On Friday we had an amazing itinerary of events planned, en route from Galway, County Galway, to Ennis, County Clare. We had planned the day out, down to the millisecond, booking our tickets well in advance, due to the popularity of many of these attractions.
We have experienced a fair amount of rain since arriving in Ireland. That was to be expected. In fact, I was even looking forward to it, given how little rain we get at home. I love rainy and cold weather, so I am fairly tolerant of most conditions. However, what we experienced on Friday, was even more than I could handle.
I have become a really proficient Irish driver. I have grown accustomed to driving on the wrong side of the road, on the wrong side of the car, with a stick shift, in the pouring rain. So the rain wasn't so much of an issue on our very long day of driving. Ironically, it was being out in the elements that proved to be so challenging.
This was not your standard rain. This was unrelenting rain and high winds. Umbrellas were unusable due to the wind gusts. The rain looked fake, like the kind they generate on a movie set when they're filming in Los Angeles and trying to make it appear as if the scene is taking place in Ireland. Despite wearing heavy-duty rain jackets we were still soaked to the bone. Even our shoes and socks were wet and soggy. There's nothing worse than wet socks!
Not only were we uncomfortable, but also disappointed because we had looked so forward to this particular day. We had put so much time into planning all these events (all of which we had purchased advance timed-entry tickets). We did our best to be troopers, but the weather conditions really put a damper on things.
Nonetheless, carry on, we did. When traveling, the weather is one thing that cannot be controlled. So we did our best to salvage what we could of the day and enjoy ourselves.
Our first stop with the Aillwee Caves, which is part of the Aillwee Burren Experience in Ballycahill, Ballyvaughan, County Clare. This is a cave system in the karst landscape of the Burren. The cave system consists of over a kilometer of passages leading into the heart of the mountain. The cave was discovered in 1944 when a farmer named Jack McGann followed his dog, who was chasing a rabbit. The farmer did not explore very far into the caves and did not tell anyone of the find for nearly 30 years. He told cavers of the cave in 1973. To learn more about this fascinating place use this link: https://aillweeburrenexperience.ie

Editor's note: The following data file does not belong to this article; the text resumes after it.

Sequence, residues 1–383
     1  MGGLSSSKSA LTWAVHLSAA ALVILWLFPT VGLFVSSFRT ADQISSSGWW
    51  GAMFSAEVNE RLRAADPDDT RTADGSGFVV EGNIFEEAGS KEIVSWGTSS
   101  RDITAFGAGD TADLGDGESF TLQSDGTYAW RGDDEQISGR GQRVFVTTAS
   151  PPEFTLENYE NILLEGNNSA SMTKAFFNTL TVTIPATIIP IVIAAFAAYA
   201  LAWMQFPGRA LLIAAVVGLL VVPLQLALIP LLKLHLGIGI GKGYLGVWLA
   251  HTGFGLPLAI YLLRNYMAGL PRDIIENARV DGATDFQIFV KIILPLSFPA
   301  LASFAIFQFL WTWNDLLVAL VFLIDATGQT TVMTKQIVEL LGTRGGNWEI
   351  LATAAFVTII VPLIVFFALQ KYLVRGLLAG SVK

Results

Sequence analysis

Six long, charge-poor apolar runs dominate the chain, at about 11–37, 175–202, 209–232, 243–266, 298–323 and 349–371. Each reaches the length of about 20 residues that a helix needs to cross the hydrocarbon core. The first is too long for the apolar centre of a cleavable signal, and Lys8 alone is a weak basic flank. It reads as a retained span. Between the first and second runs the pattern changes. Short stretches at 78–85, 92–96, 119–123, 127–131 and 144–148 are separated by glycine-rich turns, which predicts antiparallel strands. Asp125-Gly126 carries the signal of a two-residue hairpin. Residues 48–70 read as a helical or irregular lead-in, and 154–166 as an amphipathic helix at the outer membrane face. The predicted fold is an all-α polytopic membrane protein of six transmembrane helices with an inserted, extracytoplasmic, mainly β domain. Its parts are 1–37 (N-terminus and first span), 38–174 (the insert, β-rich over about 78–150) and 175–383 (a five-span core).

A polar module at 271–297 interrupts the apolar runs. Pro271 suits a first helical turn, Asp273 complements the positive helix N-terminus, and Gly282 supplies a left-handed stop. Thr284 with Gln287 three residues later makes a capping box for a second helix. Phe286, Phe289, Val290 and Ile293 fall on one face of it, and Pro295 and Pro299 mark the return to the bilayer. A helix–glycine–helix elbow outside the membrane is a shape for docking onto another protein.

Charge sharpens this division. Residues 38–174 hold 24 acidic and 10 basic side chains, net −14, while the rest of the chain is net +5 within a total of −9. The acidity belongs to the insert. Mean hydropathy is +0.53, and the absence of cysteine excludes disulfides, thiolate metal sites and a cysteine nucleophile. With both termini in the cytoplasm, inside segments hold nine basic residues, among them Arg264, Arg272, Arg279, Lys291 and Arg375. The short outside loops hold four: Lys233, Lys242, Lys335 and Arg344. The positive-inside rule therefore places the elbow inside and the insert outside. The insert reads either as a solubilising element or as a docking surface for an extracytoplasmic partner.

The Birds of Prey Center was also part of the Aillwee Burren Experience. Eagles, Owls, Vultures, and Hawks all reside at Aillwee. Visitors can see the raptor collection in their aviaries and in free flight, during scheduled flying displays. They even asked for volunteers which was so fun for the kids!
The Farmshop, also part of the Aillwee Burren Experience featured a delicious variety of award-winning Burren Gold Cheeses. They had lots of samples out to try and of course, we couldn't resist buying some for the road.
Our next stop was at the Poulnabrone Dolmen, an unusually large portal tomb that dates to the Neolithic period, probably between 4200 BC and 2900 BC. It is the best-known and most widely photographed of the approximately 172 dolmens in Ireland. To learn more about this fascinating sight, use this link: https://en.wikipedia.org/wiki/Poulnabrone_dolmen
Already completely drenched, we were off to Caherconnell Stone Fort & Sheepdog Demonstrations in Ballydoora, Carran, County Clare. Catherconnell includes ruins of a medieval stone ring fort, a fabulous visitors center and gift shop; a cafe; and of course, the crowning glory -- the sheepdog demonstrations. Despite the unrelenting rain, we managed to enjoy ourselves and loved meeting the sheepdogs, who were such troopers. To learn more about Catherconnell use this link: https://caherconnell.com
We were drenched to the bone when we finished watching the sheepdog demonstration. We quickly got in our car, blasted the heat, and did our best to warm up before soldiering onward.
By the time we reached the Cliffs of Moher, our final stop of the day, we were still wet but had warmed up a bit. It was tough to get back out of the car and brave the elements, but we had traveled so far to see this beautiful place, we had to at least try. Rather than spending the three to four hours there that we had planned to, we only spent about ninety minutes. The weather was uncooperative, to say the least, with the wind knocking us to our feet a few times, not to mention the torrential rain. Right as we were leaving the rain let up, but by that time we were just eager to get to our next town and hotel to get warm and dry.
The Cliffs of Moher are sea cliffs located at the southwestern edge of the Burren region in County Clare. They run for about 14 kilometers (9 miles). I assume they are best visited in better weather conditions than we encountered. To learn more about the Cliffs of Moher use this link: https://www.cliffsofmoher.ie
We were so happy to arrive at the Old Ground Hotel, in the charming town of Ennis, County Clare. We all took hot baths and showers before heading down to have dinner in the hotel restaurant, Town Hall, which was superb (Garin was so bushed he stayed behind in the room rather than joining us for dinner). Both the food and service were some of the best we've had in Ireland!